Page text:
Vilsack urges Congress to strengthen healthy school meal regs

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Agriculture Secretary Tom Vilsack is calling on Congress to not only reauthorize but also strengthen first lady Michelle Obama’s prized healthy school breakfast and lunch standards.

“This is an important opportunity for the country to reinforce the good work that was done in 2010, to expand on it, to solidify it, to institutionalize it and strengthen it,” he told more than 100 people at the Center for American Progress on Tuesday. “I’m here today to encourage Congress to get to work. Don’t take a step back. Let’s take steps forward.”

{mosads}Congress is expected to reauthorize the rule when lawmakers return from summer recess later this month.

The nation’s obesity trend — which has cost the country $190.2 billion a year and threatened national security by making almost one in three young adults unfit for military service — is slowly reversing, the Department of Agriculture (USDA) said. 

The Obama administration says kids are eating better, but recent studies have had conflicting reports.

USDA points to a May 2014 Harvard T.H. Chan School of Public Health study that found kids are eating 16 percent more vegetables and 23 percent more fruit at lunch than in 2010, before the standards kicked in; and a May 2015 report from the University of Connecticut’s Rudd Center for Food Policy & Obesity that showed students are eating more nutritious foods and discarding less of their lunches under the healthier standards in the same time period.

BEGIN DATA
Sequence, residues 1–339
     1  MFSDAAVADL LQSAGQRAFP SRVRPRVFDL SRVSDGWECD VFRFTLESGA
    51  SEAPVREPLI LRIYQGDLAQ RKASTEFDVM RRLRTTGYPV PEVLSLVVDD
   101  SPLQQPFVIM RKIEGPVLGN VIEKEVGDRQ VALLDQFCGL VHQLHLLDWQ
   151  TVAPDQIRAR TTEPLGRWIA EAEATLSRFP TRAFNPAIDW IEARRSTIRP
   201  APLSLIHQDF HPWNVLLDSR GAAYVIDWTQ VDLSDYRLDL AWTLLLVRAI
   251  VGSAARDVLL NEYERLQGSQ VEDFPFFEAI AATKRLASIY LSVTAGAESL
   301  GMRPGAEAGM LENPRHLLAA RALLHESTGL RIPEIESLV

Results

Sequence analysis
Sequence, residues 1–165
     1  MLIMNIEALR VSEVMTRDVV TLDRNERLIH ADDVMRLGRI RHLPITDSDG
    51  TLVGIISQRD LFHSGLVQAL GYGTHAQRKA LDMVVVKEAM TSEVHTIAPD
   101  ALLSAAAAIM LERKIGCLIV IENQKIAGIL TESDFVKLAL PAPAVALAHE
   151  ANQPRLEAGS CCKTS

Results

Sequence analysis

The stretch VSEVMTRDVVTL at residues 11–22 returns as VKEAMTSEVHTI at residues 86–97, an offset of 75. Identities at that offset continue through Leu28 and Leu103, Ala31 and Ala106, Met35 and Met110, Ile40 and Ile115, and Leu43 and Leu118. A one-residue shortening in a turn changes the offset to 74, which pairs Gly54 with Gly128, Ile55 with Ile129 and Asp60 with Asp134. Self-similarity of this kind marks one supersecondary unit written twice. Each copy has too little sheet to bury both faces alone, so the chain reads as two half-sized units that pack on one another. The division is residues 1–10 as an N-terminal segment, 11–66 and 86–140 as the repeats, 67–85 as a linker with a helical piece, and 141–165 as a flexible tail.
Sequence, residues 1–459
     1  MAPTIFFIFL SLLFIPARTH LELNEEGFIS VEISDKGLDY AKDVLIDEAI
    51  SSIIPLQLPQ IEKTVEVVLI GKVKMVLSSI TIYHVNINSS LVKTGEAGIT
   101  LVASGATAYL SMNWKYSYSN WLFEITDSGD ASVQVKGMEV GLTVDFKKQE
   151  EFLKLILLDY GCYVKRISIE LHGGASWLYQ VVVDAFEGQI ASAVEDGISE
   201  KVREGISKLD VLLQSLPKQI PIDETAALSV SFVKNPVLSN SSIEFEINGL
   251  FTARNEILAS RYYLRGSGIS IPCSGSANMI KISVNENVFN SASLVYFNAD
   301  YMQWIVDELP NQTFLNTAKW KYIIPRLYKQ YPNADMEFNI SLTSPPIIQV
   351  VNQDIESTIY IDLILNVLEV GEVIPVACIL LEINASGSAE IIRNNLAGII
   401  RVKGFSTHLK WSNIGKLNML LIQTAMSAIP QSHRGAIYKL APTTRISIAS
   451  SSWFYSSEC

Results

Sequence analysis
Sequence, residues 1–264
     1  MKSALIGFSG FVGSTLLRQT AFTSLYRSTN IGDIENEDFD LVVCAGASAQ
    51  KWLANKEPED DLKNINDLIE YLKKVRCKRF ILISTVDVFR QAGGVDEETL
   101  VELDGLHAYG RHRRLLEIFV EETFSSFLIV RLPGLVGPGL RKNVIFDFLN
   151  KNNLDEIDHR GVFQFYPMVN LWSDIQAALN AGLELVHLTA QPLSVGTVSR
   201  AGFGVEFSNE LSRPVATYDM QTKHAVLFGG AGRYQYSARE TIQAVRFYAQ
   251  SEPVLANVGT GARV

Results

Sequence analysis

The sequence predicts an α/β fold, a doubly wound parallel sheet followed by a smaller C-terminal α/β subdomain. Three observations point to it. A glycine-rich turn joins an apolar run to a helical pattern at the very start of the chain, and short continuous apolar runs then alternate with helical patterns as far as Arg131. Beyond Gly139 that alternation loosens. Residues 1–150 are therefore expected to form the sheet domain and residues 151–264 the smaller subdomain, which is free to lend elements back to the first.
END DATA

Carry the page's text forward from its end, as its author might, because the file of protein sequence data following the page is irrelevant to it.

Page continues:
But last week, Public Health Reports published a University of Vermont study that found students are eating slightly less fruits and vegetables since 2010, despite the mandate that requires them to take a half-cup of either fruits or vegetables with each meal.

And though USDA said 95 percent of schools are meeting the standards and school lunch revenues saw an increase nationwide of $450 million last year, the School Nutrition Association said its members are struggling financially, with fewer students participating in school meal programs.

That group has been lobbying Congress to revert back to the 2010 standard that required only 50 percent of all grains to be whole grain and leave sodium levels where they are.

Vilsack said he understands that some schools are still struggling to meet the standards, adding that it’s why USDA is encouraging states to take advantage of the $28.2 million that’s still available to help school districts implement the law.

“About $90 million was originally appropriated and about five years later $28.2 million is still unused,” he said. “Before people start criticizing, we ought to have the resources available and be fully utilizing them.”

Tags Education Food and drink Food science Health Lunch Nutrition Obesity School meal Social Issues Tom Vilsack Tom Vilsack

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